Yes, they’re back! This is the fourth Easy ARIA Tip in a trilogy of Easy ARIA Tips.
This week, WebAIM published the results of their second screen reader survey. One of the things to note for me was that not many users seem to be aware of a feature in the WAI-ARIA (Accessible Rich Internet Applications) specification called landmarks. This article aims to provide an easy to follow guide to implement landmarks in a matter that makes sense, in the hopes that more folks will start using them in their web projects and more screen reader users will take notice and utilize them in their daily surfing experience.
What the heck are they?
WAI-ARIA landmarks are a new method of providing easy navigation to certain points or hot spots on a page. Traditionally, this is being accomplished by providing visually hidden “skip links” to various anchor points. A commonly encountered one is the “skip to main content” or similarly named link that provides a quick way to navigate past all the navigation, search etc. features a site may have, and start reading directly at the main content of a page.
However, as the above cited survey results show, skip links aren’t nearly as important for most screen reader users as a good heading structure is. Skip links are usually also very useful for keyboard users (who need not necessarily be screen reader users).
However, one of the biggest problems is that “skip links” aren’t consistent. They might be called “skip to…” or “jump to …”, “skip past …” etc., and they may vary in what features they provide. This may also cause complaints for usability. I’ve been demoed pages that provide 20 or so skip links at the top before an actual link to a site feature is encountered. Needless to say, it didn’t provide a skip link for the skip links.
WAI-ARIA attempts to rectify that by standardizing a certain number of navigational anchor points to allow easy and quick access to portions of a page that are frequently needed.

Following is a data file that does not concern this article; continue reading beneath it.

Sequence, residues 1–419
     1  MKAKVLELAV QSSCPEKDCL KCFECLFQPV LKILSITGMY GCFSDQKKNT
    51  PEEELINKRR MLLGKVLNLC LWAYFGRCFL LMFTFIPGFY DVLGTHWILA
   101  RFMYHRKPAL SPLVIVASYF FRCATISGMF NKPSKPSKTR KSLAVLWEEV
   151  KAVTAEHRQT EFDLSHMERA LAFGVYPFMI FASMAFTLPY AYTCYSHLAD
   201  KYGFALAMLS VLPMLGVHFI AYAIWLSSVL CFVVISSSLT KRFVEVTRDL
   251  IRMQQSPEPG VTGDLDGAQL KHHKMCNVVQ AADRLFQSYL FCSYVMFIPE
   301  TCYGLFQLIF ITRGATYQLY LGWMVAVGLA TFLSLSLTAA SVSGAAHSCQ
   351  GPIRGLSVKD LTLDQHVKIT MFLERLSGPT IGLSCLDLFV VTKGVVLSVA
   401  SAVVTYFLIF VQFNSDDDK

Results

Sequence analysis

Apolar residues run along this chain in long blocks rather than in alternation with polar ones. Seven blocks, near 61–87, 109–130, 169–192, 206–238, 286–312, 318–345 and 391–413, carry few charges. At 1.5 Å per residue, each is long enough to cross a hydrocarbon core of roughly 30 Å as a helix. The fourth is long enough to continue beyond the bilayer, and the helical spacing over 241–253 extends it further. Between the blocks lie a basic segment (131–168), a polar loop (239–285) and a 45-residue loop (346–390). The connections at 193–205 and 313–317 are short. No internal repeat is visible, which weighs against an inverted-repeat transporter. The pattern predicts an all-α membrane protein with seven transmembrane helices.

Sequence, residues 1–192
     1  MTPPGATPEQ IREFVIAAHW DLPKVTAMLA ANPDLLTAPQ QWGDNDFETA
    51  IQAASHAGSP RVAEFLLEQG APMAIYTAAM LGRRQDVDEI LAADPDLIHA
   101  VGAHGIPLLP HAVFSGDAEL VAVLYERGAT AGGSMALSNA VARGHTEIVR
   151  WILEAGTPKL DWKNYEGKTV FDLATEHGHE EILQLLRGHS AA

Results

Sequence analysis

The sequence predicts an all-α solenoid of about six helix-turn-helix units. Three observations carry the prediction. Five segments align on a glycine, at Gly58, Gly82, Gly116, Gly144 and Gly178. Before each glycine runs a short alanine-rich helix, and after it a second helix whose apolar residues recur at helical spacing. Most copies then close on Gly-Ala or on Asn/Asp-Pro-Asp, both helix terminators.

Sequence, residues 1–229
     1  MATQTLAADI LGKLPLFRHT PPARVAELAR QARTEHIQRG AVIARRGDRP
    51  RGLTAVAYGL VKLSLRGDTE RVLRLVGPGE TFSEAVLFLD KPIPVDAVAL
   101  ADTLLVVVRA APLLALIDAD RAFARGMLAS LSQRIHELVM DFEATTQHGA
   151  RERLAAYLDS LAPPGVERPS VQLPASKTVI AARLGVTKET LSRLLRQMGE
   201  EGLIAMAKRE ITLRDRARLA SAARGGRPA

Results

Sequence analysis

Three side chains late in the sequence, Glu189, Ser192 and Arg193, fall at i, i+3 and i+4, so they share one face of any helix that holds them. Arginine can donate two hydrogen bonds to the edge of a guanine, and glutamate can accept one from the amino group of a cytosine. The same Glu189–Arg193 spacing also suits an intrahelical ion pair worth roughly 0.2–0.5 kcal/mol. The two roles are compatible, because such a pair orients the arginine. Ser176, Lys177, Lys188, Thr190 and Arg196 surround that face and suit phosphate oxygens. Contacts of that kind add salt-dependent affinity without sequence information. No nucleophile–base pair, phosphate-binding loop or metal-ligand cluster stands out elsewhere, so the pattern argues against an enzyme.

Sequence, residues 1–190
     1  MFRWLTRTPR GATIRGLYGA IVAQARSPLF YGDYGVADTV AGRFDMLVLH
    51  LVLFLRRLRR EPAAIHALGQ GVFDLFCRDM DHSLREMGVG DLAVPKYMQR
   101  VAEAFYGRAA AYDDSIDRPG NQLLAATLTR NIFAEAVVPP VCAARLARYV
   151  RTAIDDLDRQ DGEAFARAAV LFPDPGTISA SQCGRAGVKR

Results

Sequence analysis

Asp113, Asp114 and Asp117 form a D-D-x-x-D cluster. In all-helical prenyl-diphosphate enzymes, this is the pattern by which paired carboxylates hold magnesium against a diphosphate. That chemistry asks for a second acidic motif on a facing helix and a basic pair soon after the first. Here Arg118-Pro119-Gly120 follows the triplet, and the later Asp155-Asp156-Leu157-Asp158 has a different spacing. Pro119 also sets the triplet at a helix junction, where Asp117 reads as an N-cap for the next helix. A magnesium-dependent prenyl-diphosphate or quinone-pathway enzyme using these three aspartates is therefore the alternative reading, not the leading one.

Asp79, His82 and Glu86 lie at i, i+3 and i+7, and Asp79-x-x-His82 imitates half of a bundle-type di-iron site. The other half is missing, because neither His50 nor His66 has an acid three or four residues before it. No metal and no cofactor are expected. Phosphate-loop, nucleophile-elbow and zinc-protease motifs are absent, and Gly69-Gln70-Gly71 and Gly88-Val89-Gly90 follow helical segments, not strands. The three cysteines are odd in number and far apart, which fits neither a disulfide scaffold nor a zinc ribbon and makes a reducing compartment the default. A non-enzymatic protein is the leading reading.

How are they added?
Landmarks are added to a page by specifying the role attribute on certain HTML elements. If you view the source of this blog page, for example, and search for the word “role”, you’ll find it added to some HTML elements that start blocks of interest. The addition is very simple, the only thing that really needs to be done is give some thought about placement of the landmarks.
Screen readers such as JAWS version 10 and above, Orca, NVDA from version 2009.1beta and above recognize WAI-ARIA landmarks in Firefox 3.0+ and IE 8. They usually provide one of their quick navigation keys to navigate to each landmark in turn, and JAWS and NVDA also provide lists of landmarks on a page. NVDA even shows the nesting of landmarks.
The different landmarks
Below is an explanation of the intention of each landmark from a practical standpoint.
The banner landmark denotes the portion of a page where a company logo, site slogan or the like would be found. Providing this landmark will allow a screen reader user to easily access that information to, for example, copy the text info to paste somewhere for providing information, correct spelling etc.
the complementary landmark denotes a section with complementary information to the main content of the page. For example for a page that shows a single blog post, the complementary information could be links to related articles.
The contentinfo landmark denotes the section of a page that contains the copyright notice, link to privacy statement etc. It can also be used to denote a section with footnotes, but I’ve not seen an example of that yet.